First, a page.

Architecture and philosophy are extremely intertwined. There are two, opposing theories that speak through architecture and urban planning very loudly: Empiricism, which focuses on the human senses, experiencing space, and Rationalism, which concentrates on logic, order, and control.
One of the most important philosophers of empirical thought was Sir Francis Bacon, who in 1620 argued that all our knowledge comes to us through our senses. Further on, John Locke explained that ideas are created by our senses and that we start with an ‘empty mind’ which is formed by our experiences. Afterward, George Berkeley, in 1709 concluded that all objects only exist in our minds, followed by David Hume’s exaggeration that nothing exists unless somebody is there to experience it.
Joseph Addison (1672-1719) and Edmund Burke (1729-1897) translated those reflections into aesthetic theory. Addison, who considered the sense of seeing to be superior, thinks that our soul loves to be surprised and thrilled by visions that are vast, diverse, and hard to comprehend. Burke, on the contrary, contemplates that Beauty can be found in slow and even changes, smoothness, and gradual adaptation.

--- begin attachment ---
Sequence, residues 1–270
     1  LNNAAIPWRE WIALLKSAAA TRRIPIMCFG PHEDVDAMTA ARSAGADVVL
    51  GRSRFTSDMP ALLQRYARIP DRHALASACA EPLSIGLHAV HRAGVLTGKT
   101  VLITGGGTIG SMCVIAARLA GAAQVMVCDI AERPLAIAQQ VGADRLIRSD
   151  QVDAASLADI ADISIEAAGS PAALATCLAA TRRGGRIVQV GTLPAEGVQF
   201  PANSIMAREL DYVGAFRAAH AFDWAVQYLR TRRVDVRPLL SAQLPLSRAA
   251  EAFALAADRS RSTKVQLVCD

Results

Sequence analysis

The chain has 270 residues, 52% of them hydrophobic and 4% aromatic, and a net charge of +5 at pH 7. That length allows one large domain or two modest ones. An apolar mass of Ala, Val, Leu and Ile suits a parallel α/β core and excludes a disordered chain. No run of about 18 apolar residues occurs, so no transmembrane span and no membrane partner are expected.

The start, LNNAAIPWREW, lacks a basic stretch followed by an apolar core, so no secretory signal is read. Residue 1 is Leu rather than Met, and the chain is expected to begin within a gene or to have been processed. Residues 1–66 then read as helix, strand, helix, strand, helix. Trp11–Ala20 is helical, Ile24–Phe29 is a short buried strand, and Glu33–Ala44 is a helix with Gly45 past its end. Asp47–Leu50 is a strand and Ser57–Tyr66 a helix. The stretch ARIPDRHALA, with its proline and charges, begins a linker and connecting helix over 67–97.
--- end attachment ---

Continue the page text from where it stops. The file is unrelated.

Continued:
Sir Uvedale Price (1747-1829) developed the empirical theory in regards to aesthetics. He sees that the difference between beauty and picturesque could be found in roughness, irregularity, and variations of feelings they evoke. He believed in picturesque-focused, irregular design that forces the rotation of windows to frame most beautiful views. This concept is visible in many modern buildings such as the Duao Art Museum designed by Progetto CMR, which is located in the mountainous area of China. The plan of the building seems to be reaching out towards the most interesting views and framing them for the visitors.
Gordon Cullen belongs to the Neo-Empirical movement. He describes the elements of architecture and its environment that are essential for it to be stimulating. He thought that within a space there should always be a promise of a newly emerging view and we should have a sense of other spaces all around us. The complexity of architectural style, its materials, layout, and textures should emphasize its uniqueness. “The intention is to suggest that a pleasant degree of complexity and choice which, although it is contained within a coherent framework, allows the individual to find his path.” 1